4. 4. DuVall MD, Murphy MJ, Ray AC, Reagor JC. Case studies on second-generation anticoagulant rodenticide toxicities in non-target species. Journal of Veterinary Diagnostic Investigation. 1989;1: 66–68. pmid:2488651
  5. 5. Fairbridge D, Fisher P, Busana F, Pontin K, Edwards A. Observations of the behaviour of free living bush rat, Rattus fuscipes and southern brown bandicoot, Isoodon obesulus at buried bait stations. Australian Mammalogy. 2000;22: 125–7.
  6. 6. McIlroy J. The sensitivity of Australian animals to 1080 poison IV. Native and introduced rodents. Wildlife Research. 1982;9: 505–517.
  7. 7. Short J, Turner B, Risbey DA, Carnamah R. Control of feral cats for nature conservation. II. Population reduction by poisoning. Wildlife Research. 1997;24(6):703–14.
  8. 8. Allen L, Fleming P, Thompson J, Strong K. Effect of presentation on the attractiveness and palatability to wild dogs and other wildlife of 2 unpoisoned wild-dog bait types. Wildlife Research. 1989;16: 593–598.
  9. 9. Dexter N, Meek P. An analysis of bait-take and non-target impacts during a fox-control exercise. Wildlife Research. 1998;25: 147–155.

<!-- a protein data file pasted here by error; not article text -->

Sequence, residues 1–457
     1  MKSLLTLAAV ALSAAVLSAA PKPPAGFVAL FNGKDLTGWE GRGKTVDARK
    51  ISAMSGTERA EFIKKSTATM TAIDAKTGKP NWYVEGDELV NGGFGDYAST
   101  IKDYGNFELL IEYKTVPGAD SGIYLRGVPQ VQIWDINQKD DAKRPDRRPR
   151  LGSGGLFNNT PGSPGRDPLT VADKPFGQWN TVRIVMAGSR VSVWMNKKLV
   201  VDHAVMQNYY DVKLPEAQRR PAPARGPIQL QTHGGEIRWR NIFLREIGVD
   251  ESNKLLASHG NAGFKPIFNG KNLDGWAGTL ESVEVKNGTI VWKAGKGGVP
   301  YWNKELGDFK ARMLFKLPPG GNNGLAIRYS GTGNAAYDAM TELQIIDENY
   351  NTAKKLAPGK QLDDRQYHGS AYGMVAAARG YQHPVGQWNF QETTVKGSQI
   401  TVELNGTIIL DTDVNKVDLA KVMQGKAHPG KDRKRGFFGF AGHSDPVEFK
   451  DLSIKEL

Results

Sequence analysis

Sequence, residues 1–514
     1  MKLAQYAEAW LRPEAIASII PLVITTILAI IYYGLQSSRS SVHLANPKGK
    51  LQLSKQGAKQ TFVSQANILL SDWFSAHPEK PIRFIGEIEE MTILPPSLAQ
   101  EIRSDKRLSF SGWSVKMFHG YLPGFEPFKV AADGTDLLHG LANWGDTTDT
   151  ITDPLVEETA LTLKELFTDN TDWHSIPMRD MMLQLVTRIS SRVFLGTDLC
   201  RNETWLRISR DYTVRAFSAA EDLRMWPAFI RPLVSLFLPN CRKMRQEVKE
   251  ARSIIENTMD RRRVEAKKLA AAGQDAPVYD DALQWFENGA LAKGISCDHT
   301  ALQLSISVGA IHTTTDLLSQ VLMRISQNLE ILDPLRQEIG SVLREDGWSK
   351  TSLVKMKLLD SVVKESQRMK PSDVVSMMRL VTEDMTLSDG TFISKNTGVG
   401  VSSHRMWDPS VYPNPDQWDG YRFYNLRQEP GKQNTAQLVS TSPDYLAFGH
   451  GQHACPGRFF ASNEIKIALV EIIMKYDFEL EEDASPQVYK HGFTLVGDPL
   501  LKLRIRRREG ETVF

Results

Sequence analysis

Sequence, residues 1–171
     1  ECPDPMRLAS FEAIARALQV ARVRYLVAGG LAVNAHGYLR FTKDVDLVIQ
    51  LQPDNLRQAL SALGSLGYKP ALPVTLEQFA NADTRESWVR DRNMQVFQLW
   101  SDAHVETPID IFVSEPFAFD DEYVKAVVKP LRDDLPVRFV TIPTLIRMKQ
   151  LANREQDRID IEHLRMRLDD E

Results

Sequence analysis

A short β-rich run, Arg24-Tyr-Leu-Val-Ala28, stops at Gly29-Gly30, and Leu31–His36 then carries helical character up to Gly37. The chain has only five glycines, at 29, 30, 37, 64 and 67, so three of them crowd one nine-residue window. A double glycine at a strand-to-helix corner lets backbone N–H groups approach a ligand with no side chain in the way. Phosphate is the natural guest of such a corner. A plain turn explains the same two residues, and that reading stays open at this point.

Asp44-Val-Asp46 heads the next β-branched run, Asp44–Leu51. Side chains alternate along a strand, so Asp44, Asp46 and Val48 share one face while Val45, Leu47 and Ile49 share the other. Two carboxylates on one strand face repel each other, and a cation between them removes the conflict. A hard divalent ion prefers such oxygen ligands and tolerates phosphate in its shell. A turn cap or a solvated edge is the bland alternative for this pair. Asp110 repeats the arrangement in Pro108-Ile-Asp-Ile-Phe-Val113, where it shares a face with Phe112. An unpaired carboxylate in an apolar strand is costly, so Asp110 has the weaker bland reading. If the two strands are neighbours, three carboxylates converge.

10. 10. Sanchez-Barbudo IS, Camarero PR, Mateo R. Primary and secondary poisoning by anticoagulant rodenticides of non-target animals in Spain. Sci Total Environ. 2012;420: 280–288. Epub 2012/02/14. pmid:22326314.
  11. 11. Lapidge S, Wishart J, Staples L, Fagerstone K, Campbell T, Eisemann J. Development of a feral swine toxic bait (Hog-Gone®) and bait hopper (Hog-Hopper™) in Australia and the USA. Proceedings of the Wildlife Damage Management Conference. 2012;14: 19–24.
  12. 12. Glen A, Gentle M, Dickman C. Non‐target impacts of poison baiting for predator control in Australia. Mammal Review. 2007; 191–205.
  13. 13. Record CR, Marsh RE. Rodenticide residues in animal carcasses and their relevance to secondary hazards. Proceedings of the Vertebrate Pest Conference. 1988;13: 163–168.